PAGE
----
“So much to relish here . . . the plot is gripping, and the writing is just lovely!” DIANE SETTERFIELD, author of Once Upon A River
“The year’s most memorable narrator . . . An unusual and intriguing crime story” SUNDAY TIMES BOOKS OF THE YEAR
“Niemi succeeds in constructing a story that works as a murder mystery and as a compelling study of a dangerously inward-looking community” SUNDAY TIMES
“A riveting, psychologically astute mystery . . . It is not to be missed” BOOKLIST
“An original and gripping crime story” THE TIMES
**NOW SHORTLISTED FOR THE CWA INTERNATIONAL DAGGER**
It is 1852, and in Sweden’s far north, deep in the Arctic Circle, charismatic preacher and Revivalist Lars Levi LÃ¦stadius impassions a poverty-stricken congregation with visions of salvation. But local leaders have reason to resist a shift to temperance over alcohol.
Jussi, the young Sami boy LÃ¦stadius has rescued from destitution and abuse, becomes the preacher’s faithful disciple on long botanical treks to explore the flora and fauna. LÃ¦stadius also teaches him to read and write – and to love and fear God.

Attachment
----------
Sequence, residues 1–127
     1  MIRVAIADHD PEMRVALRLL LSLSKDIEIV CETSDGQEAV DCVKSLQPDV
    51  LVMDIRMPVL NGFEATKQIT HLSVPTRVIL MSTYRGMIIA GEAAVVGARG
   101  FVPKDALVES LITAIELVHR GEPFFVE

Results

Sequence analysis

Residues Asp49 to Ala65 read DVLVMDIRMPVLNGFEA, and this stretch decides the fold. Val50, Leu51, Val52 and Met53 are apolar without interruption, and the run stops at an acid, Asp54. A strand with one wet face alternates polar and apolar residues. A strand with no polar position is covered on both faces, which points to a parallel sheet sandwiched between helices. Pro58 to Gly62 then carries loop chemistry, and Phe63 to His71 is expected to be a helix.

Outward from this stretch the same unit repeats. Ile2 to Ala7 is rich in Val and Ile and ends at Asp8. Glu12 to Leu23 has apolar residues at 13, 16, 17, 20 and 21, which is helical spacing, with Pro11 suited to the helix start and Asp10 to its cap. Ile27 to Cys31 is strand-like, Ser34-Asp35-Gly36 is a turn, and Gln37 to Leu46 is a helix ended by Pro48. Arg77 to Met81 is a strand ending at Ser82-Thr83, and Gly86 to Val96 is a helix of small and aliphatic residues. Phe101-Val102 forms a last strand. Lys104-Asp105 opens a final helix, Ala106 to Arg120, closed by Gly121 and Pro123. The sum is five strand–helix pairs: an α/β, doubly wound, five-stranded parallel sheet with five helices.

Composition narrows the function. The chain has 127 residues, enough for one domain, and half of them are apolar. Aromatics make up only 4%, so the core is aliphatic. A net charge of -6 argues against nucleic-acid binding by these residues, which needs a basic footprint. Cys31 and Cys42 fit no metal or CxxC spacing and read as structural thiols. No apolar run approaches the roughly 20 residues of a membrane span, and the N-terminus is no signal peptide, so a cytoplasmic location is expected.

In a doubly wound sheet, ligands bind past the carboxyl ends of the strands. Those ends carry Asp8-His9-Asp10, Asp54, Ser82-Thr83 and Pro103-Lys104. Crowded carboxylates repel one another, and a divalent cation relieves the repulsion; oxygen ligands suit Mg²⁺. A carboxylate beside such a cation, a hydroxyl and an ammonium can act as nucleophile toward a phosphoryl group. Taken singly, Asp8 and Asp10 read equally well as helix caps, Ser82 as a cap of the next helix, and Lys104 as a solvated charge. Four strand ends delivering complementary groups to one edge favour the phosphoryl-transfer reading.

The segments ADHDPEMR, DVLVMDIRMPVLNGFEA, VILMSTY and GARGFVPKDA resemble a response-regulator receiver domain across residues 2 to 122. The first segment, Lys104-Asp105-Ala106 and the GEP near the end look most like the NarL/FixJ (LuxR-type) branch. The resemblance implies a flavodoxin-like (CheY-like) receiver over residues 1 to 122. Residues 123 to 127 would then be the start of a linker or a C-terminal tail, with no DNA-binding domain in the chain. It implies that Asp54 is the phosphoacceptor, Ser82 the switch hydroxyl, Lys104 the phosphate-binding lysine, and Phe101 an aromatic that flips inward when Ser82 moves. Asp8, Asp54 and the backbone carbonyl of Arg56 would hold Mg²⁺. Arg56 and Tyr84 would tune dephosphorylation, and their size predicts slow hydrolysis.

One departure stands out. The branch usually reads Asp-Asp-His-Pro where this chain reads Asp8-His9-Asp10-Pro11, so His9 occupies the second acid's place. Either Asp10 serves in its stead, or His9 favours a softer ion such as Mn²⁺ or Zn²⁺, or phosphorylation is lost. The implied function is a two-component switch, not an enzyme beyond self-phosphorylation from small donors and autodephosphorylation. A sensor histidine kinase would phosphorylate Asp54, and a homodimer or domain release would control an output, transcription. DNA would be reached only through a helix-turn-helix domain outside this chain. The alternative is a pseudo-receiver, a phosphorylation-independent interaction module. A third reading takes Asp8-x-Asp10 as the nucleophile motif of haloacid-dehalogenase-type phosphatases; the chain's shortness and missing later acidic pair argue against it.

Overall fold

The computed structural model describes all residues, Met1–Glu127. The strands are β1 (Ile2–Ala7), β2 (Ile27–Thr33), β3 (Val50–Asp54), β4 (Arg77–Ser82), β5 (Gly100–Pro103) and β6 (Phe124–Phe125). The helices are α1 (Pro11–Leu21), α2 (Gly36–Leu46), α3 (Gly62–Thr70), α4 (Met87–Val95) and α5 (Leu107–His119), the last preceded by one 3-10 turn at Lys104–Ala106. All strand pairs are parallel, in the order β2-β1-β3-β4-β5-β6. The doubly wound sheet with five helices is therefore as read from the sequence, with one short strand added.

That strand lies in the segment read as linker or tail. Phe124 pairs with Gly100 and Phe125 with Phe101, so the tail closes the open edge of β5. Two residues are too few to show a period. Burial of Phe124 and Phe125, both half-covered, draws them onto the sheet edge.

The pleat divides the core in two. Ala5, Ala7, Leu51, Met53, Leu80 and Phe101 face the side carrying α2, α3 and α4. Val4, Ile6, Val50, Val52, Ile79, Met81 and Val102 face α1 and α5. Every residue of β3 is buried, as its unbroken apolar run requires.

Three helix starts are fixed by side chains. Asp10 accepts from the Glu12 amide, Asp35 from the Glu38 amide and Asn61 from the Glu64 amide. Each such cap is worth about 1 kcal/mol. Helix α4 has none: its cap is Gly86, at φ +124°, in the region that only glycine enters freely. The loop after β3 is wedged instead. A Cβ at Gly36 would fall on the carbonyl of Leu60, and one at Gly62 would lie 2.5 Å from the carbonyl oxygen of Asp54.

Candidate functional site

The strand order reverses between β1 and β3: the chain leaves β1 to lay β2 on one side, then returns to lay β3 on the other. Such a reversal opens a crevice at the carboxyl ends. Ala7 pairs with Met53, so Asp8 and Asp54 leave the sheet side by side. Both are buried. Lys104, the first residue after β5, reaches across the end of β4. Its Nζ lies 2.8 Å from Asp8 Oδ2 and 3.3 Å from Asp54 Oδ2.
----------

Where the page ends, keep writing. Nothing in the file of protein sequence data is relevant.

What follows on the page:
When a milkmaid goes missing deep in the forest, the locals suspect a predatory bear is at large. A second girl is attacked, and the sheriff is quick to offer a reward for the bear’s capture. Using early forensics and daguerreotype, LÃ¦stadius and Jussi find clues that point to a far worse killer on the loose, even as they are unaware of the evil closing in around them.
To Cook a Bear explores how communities turn inwards, how superstition can turn to violence, and how the power of language can be transformative in a richly fascinating mystery.
“Superb suspense . . . Simply a great literary experience!” V.G. (Sweden)
“A masterpiece of narrative” La Vanguardia (Spain)
“A philosophical novel, a crime novel, a historical novel and a coming-of-age story complement one another” La Stampa (Italy)
“One is transported into a strange time and a fascinating world that is both beautiful and brutal” Politiken (Denmark)
“Formidable delivery . . . Unlike anything else you have read . . . An incredible novel” Adresseavisen
Translated from the Swedish by Deborah Bragan-Turner